Designer Gyula Bodonyi has harnessed the power of green algae in a light bulb. Algae projects have already been seen powering power entire buildings, but Bodonyi's concept brings green power to the public on a more user-friendly scale. With the Algaebulb, algae powers a single LED activated by a tiny air pump and hydrophobic material able to create a teeny-tiny power house for light.
The tear-shaped bulb is made up of an air pump, LED, hidrophob container, PC Shell, and air outlet. The system sucks in carbon dioxide and water through the pump near the E27 screw-top, and as the air passes through the bulb, chlorella pyrenoidosa spirulina microalgae are fostered. While algae flourishes, it gives off oxygen, which in turn powers the tiny LED inside.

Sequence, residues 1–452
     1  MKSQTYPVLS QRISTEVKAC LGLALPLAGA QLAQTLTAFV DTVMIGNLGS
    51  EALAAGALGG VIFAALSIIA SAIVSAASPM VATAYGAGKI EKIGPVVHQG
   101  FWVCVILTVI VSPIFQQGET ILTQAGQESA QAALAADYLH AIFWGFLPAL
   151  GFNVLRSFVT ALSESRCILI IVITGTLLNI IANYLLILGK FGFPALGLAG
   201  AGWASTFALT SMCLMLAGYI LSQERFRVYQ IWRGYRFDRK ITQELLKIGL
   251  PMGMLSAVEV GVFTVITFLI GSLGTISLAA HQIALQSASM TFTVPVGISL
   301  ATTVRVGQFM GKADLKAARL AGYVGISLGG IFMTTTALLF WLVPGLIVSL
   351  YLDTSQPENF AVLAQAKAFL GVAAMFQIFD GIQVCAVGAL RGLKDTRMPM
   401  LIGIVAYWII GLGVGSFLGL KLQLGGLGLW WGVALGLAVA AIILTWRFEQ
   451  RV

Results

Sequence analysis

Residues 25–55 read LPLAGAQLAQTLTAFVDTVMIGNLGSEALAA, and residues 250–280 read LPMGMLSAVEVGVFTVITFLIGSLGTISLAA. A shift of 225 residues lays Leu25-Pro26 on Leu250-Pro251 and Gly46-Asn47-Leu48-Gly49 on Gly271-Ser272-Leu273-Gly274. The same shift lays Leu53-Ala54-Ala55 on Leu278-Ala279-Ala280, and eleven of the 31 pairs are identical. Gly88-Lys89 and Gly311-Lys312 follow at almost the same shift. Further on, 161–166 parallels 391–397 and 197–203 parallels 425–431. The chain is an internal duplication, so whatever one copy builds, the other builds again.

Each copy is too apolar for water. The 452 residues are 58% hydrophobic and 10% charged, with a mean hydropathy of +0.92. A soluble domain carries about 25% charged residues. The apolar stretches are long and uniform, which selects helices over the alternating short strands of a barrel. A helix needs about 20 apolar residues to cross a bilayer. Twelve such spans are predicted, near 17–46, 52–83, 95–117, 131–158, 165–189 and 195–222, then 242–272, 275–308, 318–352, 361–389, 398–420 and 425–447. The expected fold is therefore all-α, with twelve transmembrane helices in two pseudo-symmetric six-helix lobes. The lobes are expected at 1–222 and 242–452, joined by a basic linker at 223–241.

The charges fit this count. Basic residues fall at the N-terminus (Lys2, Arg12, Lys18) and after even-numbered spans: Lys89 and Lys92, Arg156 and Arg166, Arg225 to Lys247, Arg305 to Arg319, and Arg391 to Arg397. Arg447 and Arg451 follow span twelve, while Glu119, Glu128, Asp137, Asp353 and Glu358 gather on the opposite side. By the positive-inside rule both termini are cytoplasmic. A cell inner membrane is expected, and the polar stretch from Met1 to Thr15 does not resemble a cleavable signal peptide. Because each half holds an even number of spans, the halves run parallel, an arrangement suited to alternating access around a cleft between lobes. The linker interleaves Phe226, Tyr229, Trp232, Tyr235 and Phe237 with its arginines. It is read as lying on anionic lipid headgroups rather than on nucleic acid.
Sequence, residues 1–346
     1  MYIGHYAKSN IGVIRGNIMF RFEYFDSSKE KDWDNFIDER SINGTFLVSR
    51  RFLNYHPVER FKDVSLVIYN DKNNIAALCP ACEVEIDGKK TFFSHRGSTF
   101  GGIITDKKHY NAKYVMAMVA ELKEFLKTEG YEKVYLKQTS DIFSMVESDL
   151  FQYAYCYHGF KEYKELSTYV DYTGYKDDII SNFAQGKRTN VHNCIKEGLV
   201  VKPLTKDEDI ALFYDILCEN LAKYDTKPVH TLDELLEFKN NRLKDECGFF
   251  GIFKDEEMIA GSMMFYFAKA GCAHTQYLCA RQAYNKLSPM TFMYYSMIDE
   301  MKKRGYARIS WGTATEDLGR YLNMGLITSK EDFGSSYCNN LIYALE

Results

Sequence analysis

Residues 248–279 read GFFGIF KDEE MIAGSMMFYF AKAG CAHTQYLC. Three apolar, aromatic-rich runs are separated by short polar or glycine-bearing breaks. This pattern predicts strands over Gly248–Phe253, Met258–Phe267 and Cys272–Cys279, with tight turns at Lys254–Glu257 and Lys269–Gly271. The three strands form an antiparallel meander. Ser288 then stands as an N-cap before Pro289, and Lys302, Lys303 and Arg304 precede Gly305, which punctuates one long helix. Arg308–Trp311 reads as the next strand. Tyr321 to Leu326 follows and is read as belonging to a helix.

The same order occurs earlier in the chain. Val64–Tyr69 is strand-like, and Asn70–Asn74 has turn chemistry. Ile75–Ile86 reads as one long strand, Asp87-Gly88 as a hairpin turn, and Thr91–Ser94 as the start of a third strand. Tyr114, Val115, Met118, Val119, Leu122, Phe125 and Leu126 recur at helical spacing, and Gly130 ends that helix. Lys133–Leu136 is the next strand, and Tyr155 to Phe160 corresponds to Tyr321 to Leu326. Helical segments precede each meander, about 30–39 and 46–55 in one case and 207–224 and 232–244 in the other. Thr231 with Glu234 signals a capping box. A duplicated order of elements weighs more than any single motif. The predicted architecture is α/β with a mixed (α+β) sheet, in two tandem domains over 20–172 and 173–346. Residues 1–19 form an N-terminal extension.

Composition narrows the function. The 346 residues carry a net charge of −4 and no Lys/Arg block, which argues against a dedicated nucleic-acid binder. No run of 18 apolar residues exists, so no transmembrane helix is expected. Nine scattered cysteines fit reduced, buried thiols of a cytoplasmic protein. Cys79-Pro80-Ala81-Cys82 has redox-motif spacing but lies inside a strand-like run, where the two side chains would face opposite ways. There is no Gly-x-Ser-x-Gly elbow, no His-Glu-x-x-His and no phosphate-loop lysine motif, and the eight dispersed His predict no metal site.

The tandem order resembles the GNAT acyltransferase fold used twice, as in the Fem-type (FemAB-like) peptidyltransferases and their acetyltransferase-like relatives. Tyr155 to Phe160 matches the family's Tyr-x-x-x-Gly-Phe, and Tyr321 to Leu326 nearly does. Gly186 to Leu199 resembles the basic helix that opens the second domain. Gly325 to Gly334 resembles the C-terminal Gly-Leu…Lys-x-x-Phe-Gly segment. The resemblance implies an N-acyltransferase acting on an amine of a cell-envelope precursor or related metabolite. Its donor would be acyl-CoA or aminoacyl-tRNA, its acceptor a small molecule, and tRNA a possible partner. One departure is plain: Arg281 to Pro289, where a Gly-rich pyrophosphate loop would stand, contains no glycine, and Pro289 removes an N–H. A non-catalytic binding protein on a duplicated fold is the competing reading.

When the AlgaeBulb is not illuminated, it appears to be a dark green; a result of the colony of microalgae living within. When illuminated, it gives off a slightly green tinge on the interior, making for a green bulb that is literally “green.”
Although small in size, if AlgaeBulb is employed on a large scale, it holds the potential to save a significant amount of energy. Aside from providing a light source with renewables, the bulb also sucks up carbon dioxide, helping to alleviate greenhouse gases one bulb at a time.